Thanksgiving Dinner is special. It is sumptuous, it is rich, it is luxurious, and it is unifying. However, a dive into the history of thanksgiving food will tell us that the first Thanksgiving was devoid of turkey. Deer and pumpkin were the dishes that fed a crowd at the first Harvest feast. Turkey is a modern-day food served at Thanksgiving. Some historians also believe that Goat was the primary protein at the first Thanksgiving.
Now that we have talked about Thanksgiving food’s history, we are ready to talk about the present ties and the food served today. Who doesn’t love Turkey and gravy?
1. Turkey as an essential part of the history of Thanksgiving
Thanksgiving Turkey requires great care as it is notorious for being dry. It is highly essential to brine Turkey. Either a wet brine or a dry brine does wonders in this case. The dry brine does not involve water. It is more of a salt rub. This allows the skin of Turkey to become soft and also removes excess moisture from the bird. Although the celebrations last only for a day, the brining has to start early. The brine has to stay for over a day. In a wet brine, herbs, spices, and aromatics add to the flavor. Turkey is then generously buttered outside and under the skin to make the meat juicy and tender. The stuffing for Turkey can be put inside the bird or served separately. Turkey is the main attraction of the Thanksgiving dinner.
The stuffing made of bread, herbs and a lot of fat is a substantial side dish that doesn’t come up in the story of thanksgiving. Now the fat can be butter or good old turkey fat. The bread has to be coated in a mixture of eggs, milk, herbs, spices, and aromatics. It is then baked and dehydrated for a long time, inside a low-temperature oven for around half an hour. This yields the crunchiest and most flavourful stuffing to bring to the table. An excellent side dish, the filling for the bird, is a new dish. We cannot trace it back to the pilgrim’s Thanksgiving.
3. Mashed potatoes – the must-have for every Thanksgiving
Another excellent side dish that pairs well with Turkey is Mashed potatoes. This potato dish is savory. Ensure you have heavy cream, milk, butter, pepper (and lots of pepper) handy. Add aromatics like garlic cloves and herbs like thyme or rosemary to up the oomph quotient of your mashed potatoes. And there you have it, the ultimate mashed potatoes for your Thanksgiving dinner. With lots of leftover mashed potatoes generally at the table, you might even make the celebrations last longer.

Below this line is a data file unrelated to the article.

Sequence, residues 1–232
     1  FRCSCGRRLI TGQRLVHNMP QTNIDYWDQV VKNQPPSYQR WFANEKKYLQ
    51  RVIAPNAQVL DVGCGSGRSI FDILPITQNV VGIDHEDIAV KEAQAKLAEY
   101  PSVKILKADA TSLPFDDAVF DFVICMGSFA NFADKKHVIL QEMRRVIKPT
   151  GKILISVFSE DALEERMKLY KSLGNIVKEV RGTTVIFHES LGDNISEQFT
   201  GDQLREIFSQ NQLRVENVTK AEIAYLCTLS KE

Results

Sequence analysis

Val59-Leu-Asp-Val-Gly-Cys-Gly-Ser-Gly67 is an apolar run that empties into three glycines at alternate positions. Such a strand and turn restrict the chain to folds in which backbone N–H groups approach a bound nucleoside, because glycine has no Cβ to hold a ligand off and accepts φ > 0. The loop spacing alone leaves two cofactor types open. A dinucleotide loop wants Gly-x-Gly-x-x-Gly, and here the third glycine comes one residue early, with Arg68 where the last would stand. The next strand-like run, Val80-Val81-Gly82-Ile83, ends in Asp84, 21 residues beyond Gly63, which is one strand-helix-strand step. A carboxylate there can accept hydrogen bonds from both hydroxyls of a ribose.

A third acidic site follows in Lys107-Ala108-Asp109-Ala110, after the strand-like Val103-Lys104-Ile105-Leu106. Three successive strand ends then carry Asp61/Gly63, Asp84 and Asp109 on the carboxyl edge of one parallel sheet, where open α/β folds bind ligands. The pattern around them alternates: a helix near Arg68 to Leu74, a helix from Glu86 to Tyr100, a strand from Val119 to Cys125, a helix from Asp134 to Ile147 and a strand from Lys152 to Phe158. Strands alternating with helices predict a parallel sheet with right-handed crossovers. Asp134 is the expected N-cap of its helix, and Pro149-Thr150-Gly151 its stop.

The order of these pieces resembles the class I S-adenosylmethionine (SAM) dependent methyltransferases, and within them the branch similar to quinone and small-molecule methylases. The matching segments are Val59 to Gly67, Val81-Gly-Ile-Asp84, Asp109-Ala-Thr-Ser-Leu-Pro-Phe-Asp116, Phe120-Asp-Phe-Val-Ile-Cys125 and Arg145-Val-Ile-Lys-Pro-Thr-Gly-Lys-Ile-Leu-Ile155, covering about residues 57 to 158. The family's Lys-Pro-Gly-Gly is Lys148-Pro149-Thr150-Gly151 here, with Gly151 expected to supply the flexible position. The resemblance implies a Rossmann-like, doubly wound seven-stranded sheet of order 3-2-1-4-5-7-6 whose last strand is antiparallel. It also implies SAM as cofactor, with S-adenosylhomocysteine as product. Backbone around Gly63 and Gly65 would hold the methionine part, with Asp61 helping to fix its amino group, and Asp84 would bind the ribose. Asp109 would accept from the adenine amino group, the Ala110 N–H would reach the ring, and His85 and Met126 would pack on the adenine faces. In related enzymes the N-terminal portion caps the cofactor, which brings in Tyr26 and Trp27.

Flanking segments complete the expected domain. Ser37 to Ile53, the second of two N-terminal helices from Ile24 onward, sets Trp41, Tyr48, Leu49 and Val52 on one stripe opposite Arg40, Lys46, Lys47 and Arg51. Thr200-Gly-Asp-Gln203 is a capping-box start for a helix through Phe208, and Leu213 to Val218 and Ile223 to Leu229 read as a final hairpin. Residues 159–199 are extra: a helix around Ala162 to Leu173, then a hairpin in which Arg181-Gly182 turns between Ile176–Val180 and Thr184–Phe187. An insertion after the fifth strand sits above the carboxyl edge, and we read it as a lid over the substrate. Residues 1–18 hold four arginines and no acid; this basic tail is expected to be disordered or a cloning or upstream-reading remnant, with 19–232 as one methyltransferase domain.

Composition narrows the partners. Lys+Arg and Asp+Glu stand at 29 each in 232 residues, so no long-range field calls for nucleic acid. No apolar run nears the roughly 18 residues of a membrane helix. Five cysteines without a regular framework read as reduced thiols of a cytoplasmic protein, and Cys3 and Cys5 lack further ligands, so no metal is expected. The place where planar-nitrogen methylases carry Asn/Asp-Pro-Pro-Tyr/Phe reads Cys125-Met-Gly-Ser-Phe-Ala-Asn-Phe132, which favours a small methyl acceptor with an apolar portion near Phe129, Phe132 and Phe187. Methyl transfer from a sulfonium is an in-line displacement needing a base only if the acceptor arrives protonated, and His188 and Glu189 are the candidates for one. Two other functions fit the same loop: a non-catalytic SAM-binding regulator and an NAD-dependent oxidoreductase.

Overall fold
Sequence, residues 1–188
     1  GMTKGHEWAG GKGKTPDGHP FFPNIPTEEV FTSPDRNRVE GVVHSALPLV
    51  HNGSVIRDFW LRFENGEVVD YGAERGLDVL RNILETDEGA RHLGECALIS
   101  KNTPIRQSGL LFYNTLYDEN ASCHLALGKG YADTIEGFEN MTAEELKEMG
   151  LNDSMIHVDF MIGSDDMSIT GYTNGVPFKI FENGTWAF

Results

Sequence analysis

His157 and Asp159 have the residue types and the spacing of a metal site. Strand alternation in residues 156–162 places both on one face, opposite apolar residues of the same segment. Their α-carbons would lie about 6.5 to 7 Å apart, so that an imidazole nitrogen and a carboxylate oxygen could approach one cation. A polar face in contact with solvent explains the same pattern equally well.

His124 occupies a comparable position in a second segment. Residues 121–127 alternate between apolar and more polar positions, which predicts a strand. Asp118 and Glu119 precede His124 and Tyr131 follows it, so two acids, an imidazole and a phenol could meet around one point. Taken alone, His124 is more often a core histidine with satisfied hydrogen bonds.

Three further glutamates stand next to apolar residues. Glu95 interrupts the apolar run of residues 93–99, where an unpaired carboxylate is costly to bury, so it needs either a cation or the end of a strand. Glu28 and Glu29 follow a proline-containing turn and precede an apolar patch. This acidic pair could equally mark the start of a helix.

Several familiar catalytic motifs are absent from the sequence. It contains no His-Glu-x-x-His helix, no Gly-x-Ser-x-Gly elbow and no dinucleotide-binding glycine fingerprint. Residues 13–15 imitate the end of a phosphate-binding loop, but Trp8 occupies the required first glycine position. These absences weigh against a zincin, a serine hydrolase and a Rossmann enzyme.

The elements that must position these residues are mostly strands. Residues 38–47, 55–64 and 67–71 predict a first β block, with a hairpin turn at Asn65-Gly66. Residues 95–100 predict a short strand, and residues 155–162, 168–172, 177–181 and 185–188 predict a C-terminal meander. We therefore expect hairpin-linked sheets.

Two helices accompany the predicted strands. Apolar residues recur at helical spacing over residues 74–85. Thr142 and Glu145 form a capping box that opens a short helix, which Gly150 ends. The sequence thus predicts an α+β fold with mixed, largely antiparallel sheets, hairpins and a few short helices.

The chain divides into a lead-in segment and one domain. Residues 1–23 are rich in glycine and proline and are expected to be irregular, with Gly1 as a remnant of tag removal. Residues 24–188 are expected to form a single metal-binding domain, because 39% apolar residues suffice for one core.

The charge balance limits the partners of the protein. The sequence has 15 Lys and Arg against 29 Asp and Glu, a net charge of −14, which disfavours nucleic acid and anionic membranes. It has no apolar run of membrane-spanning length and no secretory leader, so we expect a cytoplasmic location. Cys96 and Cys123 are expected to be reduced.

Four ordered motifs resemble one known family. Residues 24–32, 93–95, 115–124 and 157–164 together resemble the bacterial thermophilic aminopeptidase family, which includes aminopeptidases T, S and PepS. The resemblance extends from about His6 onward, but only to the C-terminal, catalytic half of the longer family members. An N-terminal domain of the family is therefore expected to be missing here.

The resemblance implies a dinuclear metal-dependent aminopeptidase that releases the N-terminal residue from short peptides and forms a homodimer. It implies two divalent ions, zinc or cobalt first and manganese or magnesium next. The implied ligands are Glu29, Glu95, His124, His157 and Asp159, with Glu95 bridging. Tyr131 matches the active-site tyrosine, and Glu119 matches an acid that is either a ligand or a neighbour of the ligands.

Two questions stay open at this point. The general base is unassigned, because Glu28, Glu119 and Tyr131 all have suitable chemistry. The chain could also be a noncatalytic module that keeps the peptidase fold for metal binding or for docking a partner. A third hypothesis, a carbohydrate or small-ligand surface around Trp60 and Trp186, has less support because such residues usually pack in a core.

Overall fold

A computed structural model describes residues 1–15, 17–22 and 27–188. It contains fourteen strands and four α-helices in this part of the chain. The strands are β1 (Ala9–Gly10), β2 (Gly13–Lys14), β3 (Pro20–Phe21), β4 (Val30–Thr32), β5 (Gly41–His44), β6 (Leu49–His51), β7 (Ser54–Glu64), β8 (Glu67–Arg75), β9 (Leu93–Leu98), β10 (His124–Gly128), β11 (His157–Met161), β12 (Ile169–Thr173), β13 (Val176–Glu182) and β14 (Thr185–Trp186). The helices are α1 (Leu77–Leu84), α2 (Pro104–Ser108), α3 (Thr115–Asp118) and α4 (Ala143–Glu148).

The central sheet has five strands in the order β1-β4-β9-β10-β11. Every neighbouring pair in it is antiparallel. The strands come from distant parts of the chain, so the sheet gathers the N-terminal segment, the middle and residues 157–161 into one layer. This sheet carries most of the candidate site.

4. Sweet Potato casserole might have been the pilgrim’s Thanksgiving’s pride
Evidence of a sweet potato casserole has been found in the history of thanksgiving dinner. Historian refers to a lovely orange dish that presents itself in paintings that refer to the story of Thanksgiving with a crusty exterior. This might be a pumpkin pie or a sweet potato casserole. We begin with a sweet potato casserole and move over to a pumpkin pie in the next section. Cube the sweet potatoes and mash them. Add salt, brown sugar, butter, and flour. Mix them until they are homogenous. In a separate pan, warm some milk with sugar, cream and add them to the mashed sweet potatoes. Pour it into a baking tray and add the flour mixture. Bake at medium heat for 45 minutes, and you have a beautiful casserole, ready to be served.
5. Good Old Pumpkin Pie
We know how intimidating pies can get. From the flaky pastry to the cold butter, making a perfect pie can be intimidating. Worry not! We are here to guide you. This Thanksgiving, remember to keep a lot of cold butter at hand. The most important part of the Thanksgiving pie is the cold butter. The colder the butter, the flakier the pastry. Remember to keep the butter in a large rectangular slab. You can also buy puff pastry from a local store but making pies by hand is better. Do not overwork the dough. Add the pumpkin that has been sweetened with cinnamon and sugar and add it to the pie. Remember to bake the crust before completing the rest of the pie in the oven.
Perfect thanksgiving dinner is supposed to balance the sweet with the salty. The first Thanksgiving to commemorate unity was joyous and unifying, and what is better than food to unify families and friends!